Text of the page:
Working mainly in glass, the sculptor Josiah McElheny revisits Modernist theories, movements, and leaders and gives them a dazzling new visual identity. His interests are highly specific and sometimes obscure—the 19th-century German writer Paul Scheerbart and the contemporaneous French socialist Auguste Blanqui have figured in his projects, as have better-known talents such as Carlo Scarpa and Alexander McQueen—but early-20th-century Vienna is a frequent source of inspiration. McElheny reviewed the Neue Galerie’s 2007 exhibition “Josef Hoffmann: Interiors, 1902-1913” for Artforum, and has made focused homages to Hoffmann and Adolf Loos that include an all-white re-creation of Vienna’s Adolf Loos-designed “American Bar” and the Hoffmannesque brass and crystal chandelier, pictured above, from his 2012 solo exhibition at the Institute of Contemporary Art in Boston.


DenglerAn installation view of Verena Dengler's exhibition at MAK (Austrian Museum of Applied Arts / Contemporary Art), Vienna, 2013.

Based in Vienna, Verena Dengler is surrounded by reminders of the city's historical avant-gardes. A sort of one-woman Werkstätte, she uses painting, embroidery, graphic design, and sculpture in her sprawling installations (one of which was a standout at this year's New Museum Triennial). Some of her works pay homage to undersung female artists from the Vienna scene, as in her Sculpture für Camilla Birke und Maria Likarz, Wiener Werkstätte; others, like her 2014 self-portrait The Verena Complex, explore the city's well-known contributions to the field of psychology. Dengler is currently showing canvases adorned with both paint and needlepoint at the Thomas Duncan Gallery in Los Angeles, in a show with the tongue-in-cheek title "American Painting" (through June 20).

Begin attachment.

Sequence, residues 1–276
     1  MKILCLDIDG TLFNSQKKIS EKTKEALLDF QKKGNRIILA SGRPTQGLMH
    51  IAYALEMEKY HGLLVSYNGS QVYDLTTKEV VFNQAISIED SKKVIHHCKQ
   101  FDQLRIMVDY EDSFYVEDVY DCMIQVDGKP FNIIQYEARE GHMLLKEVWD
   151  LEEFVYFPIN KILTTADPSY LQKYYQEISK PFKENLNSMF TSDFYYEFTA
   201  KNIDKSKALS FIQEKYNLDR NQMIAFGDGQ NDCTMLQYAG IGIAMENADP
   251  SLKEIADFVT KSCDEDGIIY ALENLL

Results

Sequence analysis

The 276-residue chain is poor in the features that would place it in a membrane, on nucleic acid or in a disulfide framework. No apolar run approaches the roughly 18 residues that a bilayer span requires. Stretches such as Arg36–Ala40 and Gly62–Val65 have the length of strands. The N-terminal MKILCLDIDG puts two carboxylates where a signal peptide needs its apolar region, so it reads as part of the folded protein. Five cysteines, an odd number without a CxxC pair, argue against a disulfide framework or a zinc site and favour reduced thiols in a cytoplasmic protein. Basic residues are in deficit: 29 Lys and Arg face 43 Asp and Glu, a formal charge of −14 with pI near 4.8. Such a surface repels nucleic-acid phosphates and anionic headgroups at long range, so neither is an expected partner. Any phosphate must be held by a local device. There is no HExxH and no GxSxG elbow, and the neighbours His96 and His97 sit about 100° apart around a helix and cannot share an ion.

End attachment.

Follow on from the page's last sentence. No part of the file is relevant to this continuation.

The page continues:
McKenzieLucy McKenzie's Loos House, 2013, at the Stedelijk Museum in Amsterdam.

Trained as a decorative painter, the Brussels-based artist Lucy McKenzie has long had an interest in the ornamental surfaces of Viennese architecture and their connection to the Arts and Crafts movement in her native Britain. (The architect Charles Rennie Mackintosh, a fellow Glaswegian, had close ties to the Vienna Secession). Her interests also extend to non-Western design; McKenzie's 2013 show at the Stedelijk Museum in Amsterdam included both a faux-marbled model interior inspired by Adolf Loos's Villa Müller in Prague and panels reproducing Arabic motifs from the Alhambra palace in Granada. McKenzie's works may not always look like they were made in fin-de-siecle Vienna, but they remind us that the Secession and the Werkstätte were defined by collaboration and openness to outside influences.


GangloffHope Gangloff, Catherine, 2015. Acrylic on canvas, 62 x 36 in. Courtesy of Susan Inglett Gallery.

The painter Hope Gangloff specializes in portraits with strong contour lines, jewel-like color and abundant decorative interest—works that have earned her frequent comparisons to Egon Schiele and Gustav Klimt (especially when her subject is a pale young woman with flowing locks and a striated dress, as in the painting above from her current show at Susan Inglett in Chelsea.) "I like to collect colorful things that inspire me. I have yards and yards of fabric, and clothes I could never wear but that have a good pattern," she told Artspace in 2013. The connection isn't just a formal one; Gangloff depicts friends and family from her own closely inscribed arty circles in Brooklyn and upstate New York, foregrounding her bohemian lifestyle just as Klimt did in his sandals and smock.